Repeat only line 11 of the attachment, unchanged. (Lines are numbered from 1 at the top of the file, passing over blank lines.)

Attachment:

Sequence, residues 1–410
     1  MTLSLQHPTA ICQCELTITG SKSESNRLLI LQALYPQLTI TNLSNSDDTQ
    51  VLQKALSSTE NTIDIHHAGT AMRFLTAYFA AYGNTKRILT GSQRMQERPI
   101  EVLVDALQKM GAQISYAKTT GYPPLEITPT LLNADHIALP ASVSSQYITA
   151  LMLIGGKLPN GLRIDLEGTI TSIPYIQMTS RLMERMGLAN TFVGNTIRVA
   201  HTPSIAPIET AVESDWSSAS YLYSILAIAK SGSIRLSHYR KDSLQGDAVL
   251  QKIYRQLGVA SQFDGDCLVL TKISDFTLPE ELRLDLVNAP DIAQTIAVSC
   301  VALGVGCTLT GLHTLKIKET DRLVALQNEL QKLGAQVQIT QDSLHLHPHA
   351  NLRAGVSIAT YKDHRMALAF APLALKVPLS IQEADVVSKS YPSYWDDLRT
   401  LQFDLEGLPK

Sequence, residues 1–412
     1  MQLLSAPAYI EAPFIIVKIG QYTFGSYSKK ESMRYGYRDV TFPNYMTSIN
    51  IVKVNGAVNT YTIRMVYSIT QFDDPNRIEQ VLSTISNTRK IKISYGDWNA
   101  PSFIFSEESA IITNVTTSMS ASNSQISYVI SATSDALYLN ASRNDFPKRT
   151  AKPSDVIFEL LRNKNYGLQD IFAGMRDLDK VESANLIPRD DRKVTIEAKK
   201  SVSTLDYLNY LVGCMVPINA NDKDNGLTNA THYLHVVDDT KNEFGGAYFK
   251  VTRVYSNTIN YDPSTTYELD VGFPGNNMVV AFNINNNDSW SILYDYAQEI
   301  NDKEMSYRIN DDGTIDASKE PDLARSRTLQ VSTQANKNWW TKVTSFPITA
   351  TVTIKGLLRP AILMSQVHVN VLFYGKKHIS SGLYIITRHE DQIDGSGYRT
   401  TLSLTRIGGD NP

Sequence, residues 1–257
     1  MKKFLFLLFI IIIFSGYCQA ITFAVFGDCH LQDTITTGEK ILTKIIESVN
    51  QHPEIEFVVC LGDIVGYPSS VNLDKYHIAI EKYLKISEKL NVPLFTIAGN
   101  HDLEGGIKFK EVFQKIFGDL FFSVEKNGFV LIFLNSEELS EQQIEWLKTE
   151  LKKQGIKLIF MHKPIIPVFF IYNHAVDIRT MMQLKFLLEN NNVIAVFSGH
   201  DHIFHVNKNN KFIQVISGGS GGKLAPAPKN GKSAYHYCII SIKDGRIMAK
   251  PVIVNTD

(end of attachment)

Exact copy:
Sequence, residues 1–412